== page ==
1/12/09

Economists in Trouble

Yes, they’re the only economists we have, but the profession really is in a dismal state. Very few were ahead of the curve in warning us about the looming credit and housing bubbles. Now they have little authoritative to offer about the precise nature of a stimulus package that would be most effective. And when it comes to the trade debate, as I argue in The Tyranny Of Dead Ideas, they’ve let down the country (and jeopardized their own ideals) by treating the need to provide health and pension security for average Americans as an afterthought in the case for trade, rather than as a crusade the profession itself needs to lead if we're going to avoid a protectionist backlash.

Some respected economists need to lead their academic colleagues in a rethinking of the profession’s priorities. We need economics to make a bigger social contribution. As a glance at the agenda of the American Economic Association’s recent annual meeting suggests, too many of these folks spend their careers drilling down into highly quantitative trivia instead of developing fresh ideas on the broader challenges of political economy. It’s not just Wall Street that’s diverted too much of the nation’s economic talent into unproductive channels – it’s the narrow, tenure-producing but irrelevant work in too many economics departments, too.

4 Comments:

Blogger Bill Karwin said...

I'm still waiting for some economist to dare mention the elephant in the room: nationalization of the banks.

The problem facing the banks can't be a lack of money. They've already received $350B, and quite a lot of cheap money auctioned by the Federal Reserve earlier in 2008. Where did all that money go?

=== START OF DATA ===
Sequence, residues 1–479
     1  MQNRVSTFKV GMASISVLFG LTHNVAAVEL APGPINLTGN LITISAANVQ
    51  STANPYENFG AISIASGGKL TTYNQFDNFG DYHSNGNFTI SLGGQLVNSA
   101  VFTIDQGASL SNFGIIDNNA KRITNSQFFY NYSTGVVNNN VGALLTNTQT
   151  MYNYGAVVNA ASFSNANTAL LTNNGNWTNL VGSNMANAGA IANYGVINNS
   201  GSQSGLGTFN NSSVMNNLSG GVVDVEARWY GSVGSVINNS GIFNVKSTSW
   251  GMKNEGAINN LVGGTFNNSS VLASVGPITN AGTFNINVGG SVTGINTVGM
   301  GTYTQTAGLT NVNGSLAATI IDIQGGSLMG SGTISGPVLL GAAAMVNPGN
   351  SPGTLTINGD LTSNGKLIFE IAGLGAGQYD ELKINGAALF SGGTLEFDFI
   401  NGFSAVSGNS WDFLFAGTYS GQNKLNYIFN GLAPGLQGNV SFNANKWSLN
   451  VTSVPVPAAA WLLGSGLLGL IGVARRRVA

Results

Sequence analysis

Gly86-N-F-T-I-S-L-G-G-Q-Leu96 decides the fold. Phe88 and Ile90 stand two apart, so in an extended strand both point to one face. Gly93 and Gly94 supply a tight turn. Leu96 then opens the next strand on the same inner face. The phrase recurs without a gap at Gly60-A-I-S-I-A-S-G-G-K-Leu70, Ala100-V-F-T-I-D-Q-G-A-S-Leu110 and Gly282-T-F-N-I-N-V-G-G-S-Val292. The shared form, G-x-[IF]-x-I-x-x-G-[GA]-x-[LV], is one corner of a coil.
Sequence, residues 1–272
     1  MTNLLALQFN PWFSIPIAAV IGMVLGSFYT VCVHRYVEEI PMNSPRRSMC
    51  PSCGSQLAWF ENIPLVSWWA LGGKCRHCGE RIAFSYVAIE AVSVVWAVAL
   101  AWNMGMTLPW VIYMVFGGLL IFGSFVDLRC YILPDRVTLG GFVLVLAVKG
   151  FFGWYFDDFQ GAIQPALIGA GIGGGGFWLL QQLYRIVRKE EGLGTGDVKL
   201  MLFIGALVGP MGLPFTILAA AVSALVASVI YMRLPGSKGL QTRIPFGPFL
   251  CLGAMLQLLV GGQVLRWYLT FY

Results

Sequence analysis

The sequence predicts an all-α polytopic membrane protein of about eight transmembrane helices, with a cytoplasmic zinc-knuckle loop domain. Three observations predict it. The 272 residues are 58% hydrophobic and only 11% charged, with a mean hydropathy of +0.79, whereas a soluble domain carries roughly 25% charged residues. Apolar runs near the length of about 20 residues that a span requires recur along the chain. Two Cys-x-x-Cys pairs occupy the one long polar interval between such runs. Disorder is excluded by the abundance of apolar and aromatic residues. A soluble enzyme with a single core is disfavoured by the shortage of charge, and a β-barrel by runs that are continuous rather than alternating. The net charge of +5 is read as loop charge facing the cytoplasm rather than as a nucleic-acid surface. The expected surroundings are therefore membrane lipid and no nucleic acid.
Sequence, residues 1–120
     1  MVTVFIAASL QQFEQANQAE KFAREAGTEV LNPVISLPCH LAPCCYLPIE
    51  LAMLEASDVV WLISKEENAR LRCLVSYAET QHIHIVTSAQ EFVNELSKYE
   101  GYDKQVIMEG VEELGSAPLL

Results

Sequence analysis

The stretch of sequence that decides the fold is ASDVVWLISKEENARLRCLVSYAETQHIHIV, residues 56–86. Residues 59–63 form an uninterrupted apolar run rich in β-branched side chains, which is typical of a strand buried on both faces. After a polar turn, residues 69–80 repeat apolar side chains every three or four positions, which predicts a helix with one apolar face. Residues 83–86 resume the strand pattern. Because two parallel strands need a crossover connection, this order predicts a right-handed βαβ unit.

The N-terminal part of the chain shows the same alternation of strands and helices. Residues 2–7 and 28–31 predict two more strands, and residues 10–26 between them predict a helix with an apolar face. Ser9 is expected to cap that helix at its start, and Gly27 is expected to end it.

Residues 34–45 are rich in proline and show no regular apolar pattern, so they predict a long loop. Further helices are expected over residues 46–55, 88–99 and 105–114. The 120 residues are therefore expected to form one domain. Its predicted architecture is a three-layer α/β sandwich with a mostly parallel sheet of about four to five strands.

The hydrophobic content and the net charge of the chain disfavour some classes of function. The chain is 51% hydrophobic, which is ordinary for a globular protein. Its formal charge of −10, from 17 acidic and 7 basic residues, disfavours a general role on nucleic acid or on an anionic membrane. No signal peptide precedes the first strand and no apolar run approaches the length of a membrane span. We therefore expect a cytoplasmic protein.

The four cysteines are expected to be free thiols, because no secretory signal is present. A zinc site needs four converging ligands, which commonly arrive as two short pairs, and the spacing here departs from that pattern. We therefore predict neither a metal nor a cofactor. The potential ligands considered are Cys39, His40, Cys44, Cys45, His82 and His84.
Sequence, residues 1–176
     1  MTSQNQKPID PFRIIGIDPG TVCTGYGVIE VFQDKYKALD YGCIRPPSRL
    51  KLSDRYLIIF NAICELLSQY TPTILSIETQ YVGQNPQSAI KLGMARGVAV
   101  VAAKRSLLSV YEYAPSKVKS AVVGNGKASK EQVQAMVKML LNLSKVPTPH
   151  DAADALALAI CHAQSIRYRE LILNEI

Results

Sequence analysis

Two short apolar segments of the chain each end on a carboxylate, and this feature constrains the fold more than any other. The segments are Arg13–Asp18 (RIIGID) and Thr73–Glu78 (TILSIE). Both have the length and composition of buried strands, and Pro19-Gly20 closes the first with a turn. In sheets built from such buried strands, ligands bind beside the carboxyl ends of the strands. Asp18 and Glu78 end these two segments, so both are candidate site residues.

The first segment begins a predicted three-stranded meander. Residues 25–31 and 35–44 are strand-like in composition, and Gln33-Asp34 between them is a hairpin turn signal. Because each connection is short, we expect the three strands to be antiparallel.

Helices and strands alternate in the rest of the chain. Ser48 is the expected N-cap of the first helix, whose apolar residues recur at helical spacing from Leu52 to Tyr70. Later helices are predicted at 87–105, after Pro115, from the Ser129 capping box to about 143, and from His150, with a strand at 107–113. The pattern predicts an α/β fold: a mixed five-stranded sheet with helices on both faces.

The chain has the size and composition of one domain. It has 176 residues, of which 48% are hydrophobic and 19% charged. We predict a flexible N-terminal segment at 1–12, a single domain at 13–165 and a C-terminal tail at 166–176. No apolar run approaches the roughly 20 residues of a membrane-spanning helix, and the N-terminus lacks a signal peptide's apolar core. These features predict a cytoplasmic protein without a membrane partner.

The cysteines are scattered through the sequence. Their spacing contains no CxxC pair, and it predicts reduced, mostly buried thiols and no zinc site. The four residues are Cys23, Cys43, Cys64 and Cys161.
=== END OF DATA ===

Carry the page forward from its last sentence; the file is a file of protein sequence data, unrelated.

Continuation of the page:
People like Robert Reich have stated that the real problem is that the financial market has lost its mutual trust. The banks are still too wary of each others' toxic assets, so they won't do the day-to-day interbank loaning necessary to keep the economy working.

The toxic assets are gradually being handled. But it's a painstaking process, getting the market to examine and bid on each CDS in turn, thus determining its market value. It'll take years, and the rest of working America can't wait.

I'd say the solution is to take the remaining $350B, plus the $800B+ they're now talking about, and forming a new, nationalized bank (hopefully one that does not participate in any of the post-FSMA monkey business), a bank that's ready to loan directly to businesses and local governments.

I have no doubt that the financial services industry will get their house in order eventually. But forming a national lending institution may be the only way to keep people working in the short term, until that can happen.

January 12, 2009 at 12:27 PM  
Blogger Bill Karwin said...

And as if on cue, I heard a story last night about Ben Bernanke proposing that the government create banks of its own, to acquire the toxic assets currently held by the financial services market.

http://marketplace.publicradio.org//display/web/2009/01/13/pm_bad_banks/

Not exactly the same thing as nationalization of the banks I conjectured in my previous comment, but we're inching closer...

January 14, 2009 at 10:20 AM  
Blogger Paul said...

I read somewhere that the estimate for the "toxic" assets out there is something like $2 trillion, and currently $1.2 trillion have been written off. In other words, we're about half way there.

Creating a nationalized bank might be the answer while the mop up goes on.

January 26, 2009 at 3:38 PM  
Blogger ockraz said...

'Yes, they’re the only economists we have, but the profession really is in a dismal state. Very few were ahead of the curve in warning us about the looming credit and housing bubbles. Now they have little authoritative to offer about the precise nature of a stimulus package that would be most effective'- awww; That's what I was afraid of... they are like weathermen :(

February 23, 2009 at 10:32 PM  

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